Chang Releases HD 6 Residents’ Thoughts on I-375 Project

Thursday, September 21, 2017

DETROIT —  State Rep. Stephanie Chang (D-Detroit) and her office recently conducted a survey in order to gather data from residents regarding the Michigan Department of Transportation’s proposed I-375 project in House District 6.

MDOT is currently conducting an environmental review process regarding the I-375 freeway as part of its five-year plan, and reviewing six proposed alternatives, ranging from reconstructing I-375 as it is to bringing the freeway up to surface street level.

By going door-to-door and through an online survey link, 326 survey responses were collected between June 22 and Sept. 8. The survey asked three questions:

1)    What are the three most important factors that you hope MDOT will consider when evaluating the six alternatives? (Choices included air quality/health impact, noise impact, safety impact, walkability/ability to bike and impact on historic neighborhoods or landmarks)

2)    If I-375 were to become a surface street, what would you prefer to see more of? (Choices included more green space, more residential development and more commercial development)

3)    Of the six alternatives, which do you prefer?

There were a number of key findings from the survey:

  • Walkability was ranked most often as one of the most important factors respondents hope MDOT will consider (31 percent).
  • If I-375 were to become a surface street, most respondents would prefer additional green space over residential or commercial development (54 percent).
  • Across the board, alternative two (reconstructed freeway with riverfront connection) was the choice most often preferred for respondents from Detroit, for Lafayette Park respondents, and for Hyde Park respondents.
  • All respondents: Alternative two was most often ranked the number one choice (26.94 percent), but alternative five (boulevard on the west) was most often ranked in respondents’ top three choices (27.45 percent).
  • When looking at neighborhood-specific responses, it appears that Lafayette Park and Hyde Park respondents had different opinions than respondents from any other Detroit neighborhood or the whole group of respondents.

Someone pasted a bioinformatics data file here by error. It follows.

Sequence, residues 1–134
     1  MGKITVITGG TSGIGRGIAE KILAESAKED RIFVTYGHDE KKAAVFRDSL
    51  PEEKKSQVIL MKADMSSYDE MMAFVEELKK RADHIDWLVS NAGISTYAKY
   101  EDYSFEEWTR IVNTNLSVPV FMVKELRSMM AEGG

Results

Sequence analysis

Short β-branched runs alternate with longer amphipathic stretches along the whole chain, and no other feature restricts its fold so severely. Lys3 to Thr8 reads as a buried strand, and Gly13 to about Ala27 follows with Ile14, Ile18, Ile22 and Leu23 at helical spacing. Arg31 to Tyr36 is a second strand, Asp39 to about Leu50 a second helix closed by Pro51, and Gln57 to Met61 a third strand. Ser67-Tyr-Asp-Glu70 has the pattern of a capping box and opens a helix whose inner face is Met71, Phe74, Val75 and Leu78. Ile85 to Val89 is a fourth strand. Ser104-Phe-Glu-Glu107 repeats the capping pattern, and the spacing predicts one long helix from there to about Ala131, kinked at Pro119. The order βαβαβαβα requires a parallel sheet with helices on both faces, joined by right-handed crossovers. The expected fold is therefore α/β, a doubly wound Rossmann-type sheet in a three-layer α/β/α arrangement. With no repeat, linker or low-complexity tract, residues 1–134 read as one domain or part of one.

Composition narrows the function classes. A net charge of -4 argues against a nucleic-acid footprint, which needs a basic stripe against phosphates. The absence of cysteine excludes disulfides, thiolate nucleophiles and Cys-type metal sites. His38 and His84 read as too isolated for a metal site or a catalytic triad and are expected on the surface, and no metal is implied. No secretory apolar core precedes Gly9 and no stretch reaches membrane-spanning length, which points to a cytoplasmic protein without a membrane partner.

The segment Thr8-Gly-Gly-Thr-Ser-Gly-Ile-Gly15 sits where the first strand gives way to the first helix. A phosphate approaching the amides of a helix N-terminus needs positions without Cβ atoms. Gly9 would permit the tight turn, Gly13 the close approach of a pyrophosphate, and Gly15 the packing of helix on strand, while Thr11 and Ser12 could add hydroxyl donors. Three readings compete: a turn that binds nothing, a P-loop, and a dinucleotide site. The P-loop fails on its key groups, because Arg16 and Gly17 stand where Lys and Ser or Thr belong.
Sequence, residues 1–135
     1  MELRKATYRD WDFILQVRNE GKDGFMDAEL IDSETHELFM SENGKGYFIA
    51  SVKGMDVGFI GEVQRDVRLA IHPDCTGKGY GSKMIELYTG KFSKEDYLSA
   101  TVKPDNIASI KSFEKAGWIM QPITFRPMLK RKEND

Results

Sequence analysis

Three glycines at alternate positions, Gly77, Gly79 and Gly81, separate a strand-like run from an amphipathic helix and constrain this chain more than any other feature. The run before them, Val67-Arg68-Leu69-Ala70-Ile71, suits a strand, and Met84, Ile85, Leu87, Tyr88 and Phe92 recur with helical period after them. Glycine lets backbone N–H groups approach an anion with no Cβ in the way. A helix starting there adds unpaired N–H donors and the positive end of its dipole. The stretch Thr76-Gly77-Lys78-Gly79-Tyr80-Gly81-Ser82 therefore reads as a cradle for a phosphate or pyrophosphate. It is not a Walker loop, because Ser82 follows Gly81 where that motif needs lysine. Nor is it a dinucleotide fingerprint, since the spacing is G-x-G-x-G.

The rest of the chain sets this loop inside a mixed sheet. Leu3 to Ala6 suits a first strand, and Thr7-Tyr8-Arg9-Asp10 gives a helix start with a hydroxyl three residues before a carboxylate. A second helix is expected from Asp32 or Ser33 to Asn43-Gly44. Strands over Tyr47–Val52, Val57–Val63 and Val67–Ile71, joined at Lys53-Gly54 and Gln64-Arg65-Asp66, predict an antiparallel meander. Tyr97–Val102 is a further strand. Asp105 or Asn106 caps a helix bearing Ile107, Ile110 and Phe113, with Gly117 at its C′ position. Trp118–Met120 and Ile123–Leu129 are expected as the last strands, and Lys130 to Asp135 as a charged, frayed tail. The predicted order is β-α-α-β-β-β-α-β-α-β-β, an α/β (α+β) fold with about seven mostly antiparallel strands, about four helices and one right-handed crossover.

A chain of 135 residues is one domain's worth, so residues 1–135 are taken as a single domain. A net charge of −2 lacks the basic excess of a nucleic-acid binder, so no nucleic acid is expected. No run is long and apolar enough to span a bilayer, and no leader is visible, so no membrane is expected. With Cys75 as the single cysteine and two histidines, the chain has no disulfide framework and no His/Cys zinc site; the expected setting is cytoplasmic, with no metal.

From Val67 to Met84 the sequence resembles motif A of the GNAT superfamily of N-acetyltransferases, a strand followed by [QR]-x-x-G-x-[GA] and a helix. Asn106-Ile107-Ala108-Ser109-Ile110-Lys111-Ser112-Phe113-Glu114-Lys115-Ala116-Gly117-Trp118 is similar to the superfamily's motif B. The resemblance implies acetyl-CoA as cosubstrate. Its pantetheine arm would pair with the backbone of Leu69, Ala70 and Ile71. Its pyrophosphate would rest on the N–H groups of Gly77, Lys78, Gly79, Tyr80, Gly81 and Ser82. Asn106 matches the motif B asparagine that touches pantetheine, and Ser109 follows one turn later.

• Lafayette Park respondents: Alternative two (reconstructed freeway with riverfront connection) was most often ranked the number one choice (28.21 percent), but alternative one  (reconstructed freeway as is) was most often ranked in respondents’ top three choices (20.23 percent).
    • Hyde Park respondents: Alternative two (reconstructed freeway with riverfront connection) was most often ranked the number one choice (36.36 percent) as well as the number one, number two or number three choice (29.41 percent).

“I launched the I-375 survey project because hearing directly from my neighbors and residents across the region is critical,” said Chang. “It was clear from my conversations with neighbors about I-375 that there are strong opinions regarding this project.

“Most people would prefer to see more green space, rather than residential or commercial development. If MDOT ultimately makes the decision to change the freeway to a surface street, I hope that the state and city will take these preferences into consideration as the project moves forward, especially because the quality of life, walkability and safety of those living closest to the freeway may be greatly impacted by whatever changes take place.”

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